|Art by Chorazin / Fotolia|
The two stories of Nightmare's September issues take on horror tropes old and very, very new. From a found text detailing a strange being hidden in the distant past to a new game craze sweeping a future where immersive gaming is possible, the stories deal with situations where a story takes on a life of its own. Where the whispers in crowded markets and quiet, dusty libraries lead to a monster who looks like a man. Where the corporate greed of game makers to create the most perfect (and profitable) gaming experience waken something hiding at the edge of the collective unconscious. The stories are disturbing and visceral, and pack in some shock to go with the creeping dread. To the reviews!
“Beyond the High Altar” by Ray Nayler (5946 words)
No Spoilers: Framed as a found text, the story opens with a note on its provenance and some cryptic remarks as to the mystery of the rest of the story, which is framed as a series of letters from M to her sister back in England. M is far from home, having traveled with her husband in search for a being that might be a kind of deity, or might just be a man. The letter relate the expedition, the warnings and anger from their guides, the way that M’s husband, Richard, stays on in search of this being. There’s also an undercurrent of something else, though, of M’s dissatisfaction with how her life had gone, with having been pruned into an ornamental person when she wants to do something else with her life. The sister she writes to seems to be more into women’s rights (the letters are from the late 1800s), and there are some ruminations on things that layer the text a bit. It’s a piece that captures the gothic horror traditions quite well, in style and in voice, and it makes for an interesting experience.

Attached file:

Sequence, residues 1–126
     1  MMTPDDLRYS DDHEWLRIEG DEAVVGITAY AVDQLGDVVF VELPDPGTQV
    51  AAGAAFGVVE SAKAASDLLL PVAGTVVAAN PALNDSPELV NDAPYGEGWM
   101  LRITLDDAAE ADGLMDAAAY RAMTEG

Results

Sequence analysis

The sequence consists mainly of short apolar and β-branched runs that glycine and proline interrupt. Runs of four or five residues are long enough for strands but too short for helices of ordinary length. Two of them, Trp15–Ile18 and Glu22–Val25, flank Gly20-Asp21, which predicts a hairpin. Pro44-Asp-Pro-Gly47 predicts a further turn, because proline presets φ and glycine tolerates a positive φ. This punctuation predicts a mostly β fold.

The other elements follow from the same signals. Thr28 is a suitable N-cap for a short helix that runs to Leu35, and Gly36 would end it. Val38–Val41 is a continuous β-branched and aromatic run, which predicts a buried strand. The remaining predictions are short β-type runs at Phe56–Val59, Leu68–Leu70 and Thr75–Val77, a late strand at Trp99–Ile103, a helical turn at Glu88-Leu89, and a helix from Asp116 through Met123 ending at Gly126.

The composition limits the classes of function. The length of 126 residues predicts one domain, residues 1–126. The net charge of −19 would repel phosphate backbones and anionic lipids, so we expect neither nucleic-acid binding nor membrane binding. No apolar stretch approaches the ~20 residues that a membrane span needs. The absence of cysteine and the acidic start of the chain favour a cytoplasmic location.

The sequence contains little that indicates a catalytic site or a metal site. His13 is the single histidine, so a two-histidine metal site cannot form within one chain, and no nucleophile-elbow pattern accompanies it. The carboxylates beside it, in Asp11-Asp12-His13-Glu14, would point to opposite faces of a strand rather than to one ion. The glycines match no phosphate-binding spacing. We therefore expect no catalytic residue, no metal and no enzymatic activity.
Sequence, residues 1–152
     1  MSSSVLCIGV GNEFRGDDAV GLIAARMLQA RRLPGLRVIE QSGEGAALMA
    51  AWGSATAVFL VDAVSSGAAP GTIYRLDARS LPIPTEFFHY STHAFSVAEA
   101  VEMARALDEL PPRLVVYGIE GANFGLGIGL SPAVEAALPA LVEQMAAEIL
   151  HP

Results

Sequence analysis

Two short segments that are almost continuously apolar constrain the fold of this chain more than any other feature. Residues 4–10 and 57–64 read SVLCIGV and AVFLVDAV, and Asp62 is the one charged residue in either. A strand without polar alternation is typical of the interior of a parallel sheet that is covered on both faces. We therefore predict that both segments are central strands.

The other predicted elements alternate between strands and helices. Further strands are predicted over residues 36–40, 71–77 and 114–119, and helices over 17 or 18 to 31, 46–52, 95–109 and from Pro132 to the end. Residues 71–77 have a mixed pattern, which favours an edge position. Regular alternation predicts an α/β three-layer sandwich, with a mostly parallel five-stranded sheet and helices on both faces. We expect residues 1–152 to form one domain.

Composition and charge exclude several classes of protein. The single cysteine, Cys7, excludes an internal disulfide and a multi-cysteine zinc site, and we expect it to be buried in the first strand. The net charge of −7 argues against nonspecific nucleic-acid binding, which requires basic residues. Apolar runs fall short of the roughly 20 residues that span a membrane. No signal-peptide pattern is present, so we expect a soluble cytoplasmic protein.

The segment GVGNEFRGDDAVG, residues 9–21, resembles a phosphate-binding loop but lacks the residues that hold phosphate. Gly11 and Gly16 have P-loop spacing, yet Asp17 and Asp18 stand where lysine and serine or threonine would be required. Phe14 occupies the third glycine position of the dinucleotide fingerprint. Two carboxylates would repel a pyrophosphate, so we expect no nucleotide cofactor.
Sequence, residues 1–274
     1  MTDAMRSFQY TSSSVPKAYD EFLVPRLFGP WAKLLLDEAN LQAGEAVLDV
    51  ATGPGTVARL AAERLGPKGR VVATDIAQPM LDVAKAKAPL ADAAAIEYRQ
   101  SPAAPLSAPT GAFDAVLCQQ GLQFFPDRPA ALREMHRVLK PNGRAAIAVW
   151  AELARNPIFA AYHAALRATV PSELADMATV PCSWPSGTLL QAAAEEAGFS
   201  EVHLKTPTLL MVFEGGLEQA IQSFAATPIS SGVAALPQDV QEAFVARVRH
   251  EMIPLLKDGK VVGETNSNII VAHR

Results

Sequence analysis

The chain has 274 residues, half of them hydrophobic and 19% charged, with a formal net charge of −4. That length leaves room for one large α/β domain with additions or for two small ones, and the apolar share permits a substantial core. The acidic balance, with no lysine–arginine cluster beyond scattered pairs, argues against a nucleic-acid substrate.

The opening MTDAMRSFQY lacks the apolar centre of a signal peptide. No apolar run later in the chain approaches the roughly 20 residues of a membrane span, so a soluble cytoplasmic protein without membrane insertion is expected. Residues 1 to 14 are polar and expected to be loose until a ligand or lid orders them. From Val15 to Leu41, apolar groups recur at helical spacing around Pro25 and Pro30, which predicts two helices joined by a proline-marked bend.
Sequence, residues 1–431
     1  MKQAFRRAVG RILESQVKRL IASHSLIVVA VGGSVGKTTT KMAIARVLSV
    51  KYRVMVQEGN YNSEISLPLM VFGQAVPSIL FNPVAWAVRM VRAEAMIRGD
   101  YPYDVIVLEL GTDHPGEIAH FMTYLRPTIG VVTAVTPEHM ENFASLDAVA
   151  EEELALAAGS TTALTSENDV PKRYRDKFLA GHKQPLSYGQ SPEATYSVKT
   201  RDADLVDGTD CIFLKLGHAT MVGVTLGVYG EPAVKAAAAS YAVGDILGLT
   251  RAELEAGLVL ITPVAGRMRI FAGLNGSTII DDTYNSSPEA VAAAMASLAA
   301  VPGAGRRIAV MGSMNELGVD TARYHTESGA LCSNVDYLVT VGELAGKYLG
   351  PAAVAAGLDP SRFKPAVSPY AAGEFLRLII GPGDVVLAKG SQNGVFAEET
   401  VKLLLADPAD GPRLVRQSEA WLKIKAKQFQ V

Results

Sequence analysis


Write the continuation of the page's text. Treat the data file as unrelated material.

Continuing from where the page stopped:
Keywords: Found Text, Expeditions, Time, Immortals, Marriage, Letters
Review: This story is heavily rooted in the long traditions of horror, and especially gothic horror, with the reliance on the found narrative framework and the period language. I actually have a lot to say about the use of provenance in horror, but will try to restrain myself and stick to the matter at hand. The framing actually is lightly done, not really bothering to reveal the identity of the person who found the letters, just placing them in geographic location and generally assuring the reader that these might not be completely fabricated. The horror, here, is a bit different from your average gothic horror. At least, it’s not a ghost or a great monster (exactly) that M and Richard are facing. They have found a man who claims to have lived for a very long time, and there is perhaps some horror there, at the prospect of it, and in the danger that the two are in because their guides might worship this man as a god. At least, that’s how Richard treats it. I’m more interest in M’s theories, though, and her very different kind of unease and fear about this man in the mountains. Not the sage that her husband sees but something very different. And I like that she sees this precisely because she has had to go through a lot more, linking her own hardships and survival with in some ways hardening her, and then imagining this man who has lived so long having been hardened too far, to the point where no softness remains, and while Richard can’t see the danger there, M can. Unfortunately it might not do her all that much, in the end, but I do like how the piece deals with the dangers of long life, and the monstrosity (in some ways) of someone who lives forever. A fascinating read!